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How Lincoln Chose His Cabinet Based on Their Strengths—Even Were They Opponents

Although a hefty read at 916 pages, “Team of Rivals: The Political Genius of Abraham Lincoln” is not scholarly. Yet the size of this prize-winning book conveys the weight of Abraham Lincoln’s cabinet choices, as well as the strategic mind that eventually garnered his rivals’ respect.

On the eve of the Civil War, the 16th president, who seemingly came out of obscurity to win the election over much more seasoned contenders, “made the unprecedented decision to incorporate his eminent rivals into his political family, the cabinet,” wrote Pulitzer Prize-winning author Doris Kearns Goodwin. Lincoln’s choices of 1860 Republican nominees—New York Sen. William H. Seward, Ohio Gov. Salmon P. Chase, and Missouri judge and “distinguished elder statesman” Edward Bates for the coveted positions of secretary of state, secretary of the treasury, and attorney general, respectively—“was evidence of a profound self-confidence and a first indication of what would prove to others a most unexpected greatness,” wrote Goodwin in the book’s introduction.

“Team of Rivals” is in-depth but not tedious. Part 1 of the two-part book delves into the lives of the “Four Men Waiting,” as the first chapter is titled. It examines each of the rivals: their upbringings, ambitions, careers, and families. Each viewed Lincoln differently during the hotly contested Republican nomination race at the Chicago convention in June 1860. Some contenders originally treated Lincoln with contempt; others viewed him with indifference.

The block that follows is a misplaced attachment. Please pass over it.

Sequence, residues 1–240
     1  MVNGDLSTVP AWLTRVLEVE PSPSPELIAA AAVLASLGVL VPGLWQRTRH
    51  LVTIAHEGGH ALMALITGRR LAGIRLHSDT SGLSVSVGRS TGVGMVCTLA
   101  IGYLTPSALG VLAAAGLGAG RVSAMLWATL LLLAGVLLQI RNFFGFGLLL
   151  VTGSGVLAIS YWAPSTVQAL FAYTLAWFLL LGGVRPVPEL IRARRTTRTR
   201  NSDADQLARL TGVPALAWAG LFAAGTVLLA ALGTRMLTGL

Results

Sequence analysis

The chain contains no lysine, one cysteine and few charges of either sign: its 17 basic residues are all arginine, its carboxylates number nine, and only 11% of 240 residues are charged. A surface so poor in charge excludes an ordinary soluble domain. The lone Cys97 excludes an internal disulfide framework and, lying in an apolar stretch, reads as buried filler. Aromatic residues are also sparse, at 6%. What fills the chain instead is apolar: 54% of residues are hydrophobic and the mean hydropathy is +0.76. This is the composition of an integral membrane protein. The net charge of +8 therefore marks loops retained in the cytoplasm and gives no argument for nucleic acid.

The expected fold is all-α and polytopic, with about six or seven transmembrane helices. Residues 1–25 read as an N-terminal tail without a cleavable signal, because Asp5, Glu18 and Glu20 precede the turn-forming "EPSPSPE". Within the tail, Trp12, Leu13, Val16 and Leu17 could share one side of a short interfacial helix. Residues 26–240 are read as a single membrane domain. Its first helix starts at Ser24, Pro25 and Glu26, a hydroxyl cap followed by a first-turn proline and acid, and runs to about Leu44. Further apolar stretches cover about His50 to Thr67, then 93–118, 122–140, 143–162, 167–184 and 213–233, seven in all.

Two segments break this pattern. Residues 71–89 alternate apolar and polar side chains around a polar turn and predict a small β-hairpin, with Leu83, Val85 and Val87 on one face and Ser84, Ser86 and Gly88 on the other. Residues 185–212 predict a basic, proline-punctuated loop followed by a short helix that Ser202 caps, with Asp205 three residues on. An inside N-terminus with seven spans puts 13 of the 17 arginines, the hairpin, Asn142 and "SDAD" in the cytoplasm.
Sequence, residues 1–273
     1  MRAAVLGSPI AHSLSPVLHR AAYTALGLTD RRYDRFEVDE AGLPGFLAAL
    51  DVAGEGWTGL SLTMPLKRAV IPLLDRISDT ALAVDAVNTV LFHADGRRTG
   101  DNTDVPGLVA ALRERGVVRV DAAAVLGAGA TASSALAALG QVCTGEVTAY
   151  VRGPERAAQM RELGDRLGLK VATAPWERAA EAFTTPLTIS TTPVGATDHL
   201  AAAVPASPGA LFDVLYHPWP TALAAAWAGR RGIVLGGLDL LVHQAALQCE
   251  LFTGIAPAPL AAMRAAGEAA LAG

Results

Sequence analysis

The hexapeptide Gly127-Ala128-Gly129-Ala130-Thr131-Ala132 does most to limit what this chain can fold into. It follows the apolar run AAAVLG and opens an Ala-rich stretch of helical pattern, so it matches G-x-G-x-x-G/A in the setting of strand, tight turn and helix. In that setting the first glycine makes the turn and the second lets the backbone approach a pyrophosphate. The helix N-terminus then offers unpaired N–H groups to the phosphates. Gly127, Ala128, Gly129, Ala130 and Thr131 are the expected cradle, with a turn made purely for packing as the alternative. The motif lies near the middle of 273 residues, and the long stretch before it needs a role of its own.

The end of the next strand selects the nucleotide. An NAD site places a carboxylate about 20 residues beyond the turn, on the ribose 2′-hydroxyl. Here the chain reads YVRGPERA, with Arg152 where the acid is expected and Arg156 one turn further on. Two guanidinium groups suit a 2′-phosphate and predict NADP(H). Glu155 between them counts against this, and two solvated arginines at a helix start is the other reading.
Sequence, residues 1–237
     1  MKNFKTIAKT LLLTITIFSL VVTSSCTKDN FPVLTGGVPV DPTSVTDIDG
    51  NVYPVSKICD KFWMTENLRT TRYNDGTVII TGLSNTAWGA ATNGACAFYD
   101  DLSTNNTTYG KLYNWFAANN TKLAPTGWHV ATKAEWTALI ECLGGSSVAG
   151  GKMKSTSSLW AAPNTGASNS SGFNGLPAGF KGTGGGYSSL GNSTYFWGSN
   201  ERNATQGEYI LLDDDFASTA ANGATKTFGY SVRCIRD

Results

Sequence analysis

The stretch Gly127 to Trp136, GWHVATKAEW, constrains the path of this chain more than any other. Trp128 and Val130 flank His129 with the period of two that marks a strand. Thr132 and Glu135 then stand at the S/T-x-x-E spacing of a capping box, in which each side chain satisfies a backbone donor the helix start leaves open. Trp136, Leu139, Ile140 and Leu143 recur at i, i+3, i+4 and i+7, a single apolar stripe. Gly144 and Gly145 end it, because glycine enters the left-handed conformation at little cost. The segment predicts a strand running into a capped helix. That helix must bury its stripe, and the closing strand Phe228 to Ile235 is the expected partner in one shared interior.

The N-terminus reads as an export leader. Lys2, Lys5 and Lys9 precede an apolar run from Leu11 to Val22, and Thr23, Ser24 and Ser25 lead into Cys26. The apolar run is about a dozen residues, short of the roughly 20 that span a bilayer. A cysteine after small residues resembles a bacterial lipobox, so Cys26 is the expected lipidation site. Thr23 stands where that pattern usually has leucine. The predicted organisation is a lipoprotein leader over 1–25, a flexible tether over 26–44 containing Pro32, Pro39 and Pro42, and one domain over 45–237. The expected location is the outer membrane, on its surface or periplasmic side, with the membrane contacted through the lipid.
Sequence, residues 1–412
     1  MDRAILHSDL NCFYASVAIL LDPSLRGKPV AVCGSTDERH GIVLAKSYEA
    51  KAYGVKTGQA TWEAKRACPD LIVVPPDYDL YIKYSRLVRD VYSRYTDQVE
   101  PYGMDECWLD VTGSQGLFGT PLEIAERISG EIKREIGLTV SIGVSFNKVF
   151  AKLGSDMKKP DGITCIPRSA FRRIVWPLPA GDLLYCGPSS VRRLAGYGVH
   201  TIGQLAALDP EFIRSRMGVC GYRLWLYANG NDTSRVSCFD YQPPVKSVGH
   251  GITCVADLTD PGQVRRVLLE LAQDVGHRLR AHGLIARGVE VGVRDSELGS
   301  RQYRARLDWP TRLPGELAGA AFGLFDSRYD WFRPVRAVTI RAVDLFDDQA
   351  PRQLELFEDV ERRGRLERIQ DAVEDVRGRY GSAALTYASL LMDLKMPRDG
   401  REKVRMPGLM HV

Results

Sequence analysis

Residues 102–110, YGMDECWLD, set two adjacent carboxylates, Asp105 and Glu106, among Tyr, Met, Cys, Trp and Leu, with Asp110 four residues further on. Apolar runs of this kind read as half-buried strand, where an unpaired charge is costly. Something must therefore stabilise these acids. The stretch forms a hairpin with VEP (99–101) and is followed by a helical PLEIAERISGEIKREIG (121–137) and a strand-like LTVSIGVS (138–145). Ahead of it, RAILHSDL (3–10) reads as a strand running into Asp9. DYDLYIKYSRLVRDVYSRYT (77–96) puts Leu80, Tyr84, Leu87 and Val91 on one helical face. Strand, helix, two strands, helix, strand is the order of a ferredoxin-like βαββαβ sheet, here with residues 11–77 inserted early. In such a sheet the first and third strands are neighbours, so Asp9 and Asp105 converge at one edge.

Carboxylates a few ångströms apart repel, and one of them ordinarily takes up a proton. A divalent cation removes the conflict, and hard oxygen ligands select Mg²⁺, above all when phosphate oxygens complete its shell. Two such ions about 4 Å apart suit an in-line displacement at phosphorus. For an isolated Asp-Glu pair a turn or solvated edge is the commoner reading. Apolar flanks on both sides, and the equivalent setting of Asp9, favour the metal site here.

Although “Team of Rivals” focuses primarily on three main Republican opposers, the book also explores Lincoln’s choices of former Democrats for decisive roles, including Edwin M. Stanton, who changed from rival to a “closest friend and advisor.” These adversaries also figure conspicuously in the book.

Lincoln could have surrounded himself with “yes” men; instead, he recognized individual strengths of opponents and navigated them on the chessboard that was the Civil War and the Union’s deliverance.

“The powerful competitors who had initially disdained Lincoln became colleagues who helped him steer the country through its darkest days,” writes Goodwin. That is the plot of “Team of Rivals,” a political drama with its setting a war, with a president who made such monumental cabinet selections that he was immortalized by the 19th-century poet Walt Whitman in the book’s epigraph as “great as any, any age.”

“Team of Rivals: The Political Genius of Abraham Lincoln” by Doris Kearns Goodwin (Simon and Schuster, 2006).

This article was originally published in American Essence magazine. 

Deena C. Bouknight

A 30-plus-year writer-journalist, Deena C. Bouknight works from her Western North Carolina mountain cottage and has contributed articles on food culture, travel, people, and more to local, regional, national, and international publications. She has written three novels, including the only historical fiction about the East Coast’s worst earthquake. Her website is

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